• Wedding: July 2013

gingerkitten:  I went to public schools, private christian schools, and was homeschooled. If you are not religious I would not send your child to a religious school. Granted, it’s different for each school, but I had to spend an hour a day every day in bible class memorizing bible verses, another hour once a week in chapel/church services, and expected to have the same beliefs as other students. When I finally told the teachers I was not christian I got an “intervention”- they invited all the teachers to come in and lay hands on me & pray for the fate of my soul. Alot of my classes were very restrictive- we only had one foreign language class so it’s not like I could choose what language I wanted to learn- spanish was default, period. I doubt any religious school would let a student swap out religious clases for non-religous classes as many view the religious portions of the ciriculum just as important as the meat & bones education…. 

Like I said, it would be a little different for each school, but most would 100% rather admit a child /family within their religious beliefs over a child/family with secular beliefs. Have you looked into charter schools? They may be more along the private lines you want, but without the religious aspects….

Post # 8
2800 posts
Sugar bee
  • Wedding: May 2014

This is coming from my background in going to a Catholic school, and working with my parish on our Catholic school.

1. Will it be difficult? It really depends on the school’s policies.  My Catholic school if you could pay the money, you could be admitted.  The church I go to now has a cascading list of who get’s first shot, and in your situation, you would be last on the list.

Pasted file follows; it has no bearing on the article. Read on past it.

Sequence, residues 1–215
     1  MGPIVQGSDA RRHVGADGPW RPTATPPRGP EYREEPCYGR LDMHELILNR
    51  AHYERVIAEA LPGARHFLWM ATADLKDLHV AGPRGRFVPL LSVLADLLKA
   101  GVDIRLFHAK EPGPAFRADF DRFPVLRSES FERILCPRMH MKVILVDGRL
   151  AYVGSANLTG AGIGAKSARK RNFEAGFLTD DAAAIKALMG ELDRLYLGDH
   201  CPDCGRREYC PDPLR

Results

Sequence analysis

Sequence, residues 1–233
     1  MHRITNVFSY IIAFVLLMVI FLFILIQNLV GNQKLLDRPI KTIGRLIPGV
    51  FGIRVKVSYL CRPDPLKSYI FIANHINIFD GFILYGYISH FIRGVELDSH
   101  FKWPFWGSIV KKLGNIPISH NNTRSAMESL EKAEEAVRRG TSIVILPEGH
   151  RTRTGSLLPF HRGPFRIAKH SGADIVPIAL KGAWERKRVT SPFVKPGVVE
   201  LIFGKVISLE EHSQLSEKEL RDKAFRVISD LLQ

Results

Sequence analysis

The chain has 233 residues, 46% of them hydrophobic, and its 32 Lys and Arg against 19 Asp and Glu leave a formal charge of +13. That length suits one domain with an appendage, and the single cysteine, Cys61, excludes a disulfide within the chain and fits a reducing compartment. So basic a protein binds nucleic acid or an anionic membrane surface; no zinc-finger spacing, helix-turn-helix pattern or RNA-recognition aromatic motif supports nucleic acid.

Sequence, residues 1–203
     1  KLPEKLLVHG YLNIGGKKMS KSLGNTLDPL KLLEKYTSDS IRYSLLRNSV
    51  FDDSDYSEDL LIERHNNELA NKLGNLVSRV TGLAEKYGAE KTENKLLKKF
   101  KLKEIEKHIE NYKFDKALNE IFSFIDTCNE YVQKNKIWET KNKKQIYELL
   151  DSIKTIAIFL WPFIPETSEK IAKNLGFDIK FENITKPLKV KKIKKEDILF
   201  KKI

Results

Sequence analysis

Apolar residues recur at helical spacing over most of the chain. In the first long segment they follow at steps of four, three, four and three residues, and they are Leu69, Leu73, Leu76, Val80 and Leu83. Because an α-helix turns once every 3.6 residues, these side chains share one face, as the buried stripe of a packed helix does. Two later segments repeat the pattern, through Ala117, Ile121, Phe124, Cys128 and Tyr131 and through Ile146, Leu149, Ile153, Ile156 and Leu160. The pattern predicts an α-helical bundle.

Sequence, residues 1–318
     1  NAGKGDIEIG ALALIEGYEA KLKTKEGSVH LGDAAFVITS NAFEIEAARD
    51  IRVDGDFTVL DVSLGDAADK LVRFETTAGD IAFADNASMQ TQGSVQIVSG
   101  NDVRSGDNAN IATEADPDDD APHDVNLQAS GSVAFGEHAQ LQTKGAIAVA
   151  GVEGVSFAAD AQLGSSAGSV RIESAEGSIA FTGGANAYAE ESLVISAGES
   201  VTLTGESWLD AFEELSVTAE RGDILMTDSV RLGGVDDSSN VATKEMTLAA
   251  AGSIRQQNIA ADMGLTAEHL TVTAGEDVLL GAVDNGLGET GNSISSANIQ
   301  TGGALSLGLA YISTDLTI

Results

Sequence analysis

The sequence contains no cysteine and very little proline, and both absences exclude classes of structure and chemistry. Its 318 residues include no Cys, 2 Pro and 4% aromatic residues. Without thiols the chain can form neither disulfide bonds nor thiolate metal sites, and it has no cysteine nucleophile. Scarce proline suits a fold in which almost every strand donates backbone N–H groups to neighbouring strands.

2.  Backlash?  No, not really.  They will be left out of some things as they will prep for relgious rights at school, but in a large city like Denver, I doubt that they will be the only non-religious student at school.   Even in my little town, there were non-Catolic kids at our school. It wasn’t all about accademic superiority (which we had)   Disciplin was just always better (meaning kids didn’t get into fights on school grounds and bullying was 0 tollerance) 

3. Custome circilum?  If you are sending them to a religious school, there will be religion time.  Sorry, that is kind of the end of the story.   By high school, they will be able to pick and choose some classes, though.   We could take World Religions, and other such classes.  Why they assumed you started at Catholic, they were not taught as Catholisim is the only answer. 

Post # 9
851 posts
Busy bee
  • Wedding: July 2013 - The front lawn of our church

gingerkitten:  I attended a Christian school and am now a teacher in one. The bottom line is, private schools are private schools because they don’t want to be the same as every other school, so you’re going to find that every one is different. I only have experience in Christian schools, so I can tell you what I know of them. Christian schools generally either have closed enrollment (church members only) or open enrollment (anyone is welcome as long as they are willing to comply with the school rules). I know of only 1 or 2 schools with closed enrollment.  I wouldn’t expect too much backlash as far as people not accepting you or your child because you are not Christian, but I would be prepared to be invited to church a lot:) Honestly, you probably will be viewed as an “opportunity” to show you why Christianity is true.  All of the Christian schools I know of have Bible class as a requirement. Most Christian schools were started as a way to allow the children to learn the Bible in school. One thing to be aware of is that the great majority of the students will probably be Christians so your child will be in the minority unless you were to convert. Also, as I mentioned before, the whole purpose of the Christian school is to be able to study the Bible and promote Christianity to the students. Be prepared to feel like it is constantly being taught and pushed to you and your child.  Lastly, in the Christian school I teach in, we very openly teach the Bible and we are unashamed about the fact that we want every student to believe and trust in Jesus as their Savior. But along with that, our principal (who is also the pastor of our church) stresses to the teachers that he wants us to instill in the students basic morals and manners. For instance, the students are expected to refer to adults as ma’am and sir, they are required to say please and thank you, and they are taught to appreciate hard work, not give up, and get along with others. Basically, we try to prepare them for the life ahead of them.  As I said, every private school is different, but this is the experience that I have.